Do you like soul music?
“Do you like soul music, that sweet soul music,” Arthur Conley famously asked/sang back in 1967. Well, thanks to the success of Adele, Amy Winehouse, and such, it seems everybody does—especially back in England. The latest neo-soul artist to reach number one on the UK charts is the 23-year-old, North Yorkshire lad John Newman. In interviews, Newman credits his mother for introducing him to the musical style, but he leads off his debut solo disc with a list of inspirations that includes everyone from Elvis Presley and the Four Seasons to Britney Spears, Jay-Z and the Kings of Leon. Sure, he lists the staples of soul: James Brown, Aretha Franklin, Sly Stone, and such, but what’s telling is how inclusive Newman’s list is.
Newman’s no retro snob. Careful listeners might catch sounds that shouldn’t mesh according to purists, but he brings them together with the strength of his lungs. There was a time in America when the differences between Motown and Soul were fraught with meaning. One was the sound of young America and suggested a selling out and watering down of black music for white audiences while the other meant being black, proud, gritty and authentic. History and our ears have taught us that’s not the case. Like most of us, Newman couldn’t care less. He has a “both/and” rather than an “either/or” approach, and in addition borrows from other styles (Is that a Verve lick?) when it fits the material.
The leitmotif here is heartache. He sings about teardrops, being cheated on, mistakes, etc. but with a cathartic yawp. Newman exorcises his pain by exercising his voice. He’s got the chops to carry it off. Even on the relatively quiet production (mostly piano and violin accompaniment) of “Out of My Head”, Newman sings about being broken with a solid vocal performance that suggests hidden powers. This has been what soul music has always been about; the strength to carry on when life brings you down.
When Newman rhymes “try” with “fly”, you feel lifted. And when he sings about “Easy”, it’s in terms of “Whoever said love was easy? / You know they told you wrong / Cause every time you feel it / a piece of you is gone.” It may not be pretty poetry, but Newman makes the lyrics profound through his anthemic rendering of the sentiment. The fact that love hurts has been a musical theme that predates rock ‘n’ roll and can be found in millions of songs, but Newman’s big sound makes it sound fresh again, like pulling a scab off of a wound that never gets a chance to heal. You shouldn’t do it, but oh it hurts so good!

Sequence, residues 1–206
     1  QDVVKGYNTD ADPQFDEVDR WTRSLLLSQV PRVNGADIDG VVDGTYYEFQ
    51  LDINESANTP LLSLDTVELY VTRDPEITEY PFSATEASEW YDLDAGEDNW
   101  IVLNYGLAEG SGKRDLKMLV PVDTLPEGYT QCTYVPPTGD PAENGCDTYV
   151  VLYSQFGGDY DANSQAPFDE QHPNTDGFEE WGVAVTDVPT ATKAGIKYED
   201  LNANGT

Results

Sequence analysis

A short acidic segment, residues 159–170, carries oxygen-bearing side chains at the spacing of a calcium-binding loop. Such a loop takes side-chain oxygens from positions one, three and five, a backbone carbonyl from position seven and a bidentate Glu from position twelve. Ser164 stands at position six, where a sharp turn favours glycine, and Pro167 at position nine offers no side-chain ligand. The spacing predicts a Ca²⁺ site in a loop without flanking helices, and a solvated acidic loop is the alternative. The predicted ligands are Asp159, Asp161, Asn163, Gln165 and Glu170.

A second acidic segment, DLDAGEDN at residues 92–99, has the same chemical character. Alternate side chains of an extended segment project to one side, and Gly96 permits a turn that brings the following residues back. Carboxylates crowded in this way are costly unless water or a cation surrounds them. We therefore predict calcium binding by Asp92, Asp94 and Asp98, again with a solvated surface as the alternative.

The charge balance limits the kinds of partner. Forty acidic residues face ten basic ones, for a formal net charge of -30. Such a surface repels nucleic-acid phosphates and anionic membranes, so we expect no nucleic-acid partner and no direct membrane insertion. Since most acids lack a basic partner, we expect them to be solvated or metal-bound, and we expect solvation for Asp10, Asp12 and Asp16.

Each of the 15 tracks (this review is of the Deluxe Edition that contains three bonus cuts) features Newman forcefully trying to plug the hole where his heart used to be. “I want to know / can you love me again,” he belts out while a bass saxophone bellows behind him and hand claps mark the rhythm. He may be singing about a lost love specifically, but the universality of trying to gain back the good times of the past rings true in this post-Edenic world. We are all fallen from our more innocent days. At 23 years old, this may be a new revelation to Newman. However, whether one is seven or 70, almost everyone thinks the past was a purer, better place to be. Newman literally pays tribute to yesterday’s music. The quality of this record and Newman’s talents suggests the present isn’t a bad place to be either.
We all know how critical it is to keep independent voices alive and strong on the Internet. Please consider a donation to support our work as independent cultural critics and historians. Your donation will help PopMatters stay viable through these changing and challenging times where costs have risen and advertising has dropped precipitously. We need your help to keep PopMatters strong and growing. Thank you.
"PopMatters (est. 1999) is a respected source for smart long-form reading on a wide range of topics in culture. PopMatters serves as…READ the article